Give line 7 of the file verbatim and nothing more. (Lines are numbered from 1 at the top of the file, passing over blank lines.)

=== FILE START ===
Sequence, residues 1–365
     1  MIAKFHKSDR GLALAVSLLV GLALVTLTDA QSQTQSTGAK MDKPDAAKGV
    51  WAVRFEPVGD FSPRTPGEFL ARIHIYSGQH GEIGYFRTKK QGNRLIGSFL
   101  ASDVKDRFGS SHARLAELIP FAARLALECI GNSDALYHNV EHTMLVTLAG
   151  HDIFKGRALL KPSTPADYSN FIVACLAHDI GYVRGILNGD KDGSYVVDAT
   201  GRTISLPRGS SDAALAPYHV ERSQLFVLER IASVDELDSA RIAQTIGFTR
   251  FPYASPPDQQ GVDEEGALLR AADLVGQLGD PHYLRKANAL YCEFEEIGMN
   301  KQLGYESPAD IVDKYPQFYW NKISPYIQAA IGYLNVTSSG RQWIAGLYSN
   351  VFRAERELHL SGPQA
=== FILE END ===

   251  FPYASPPDQQ GVDEEGALLR AADLVGQLGD PHYLRKANAL YCEFEEIGMN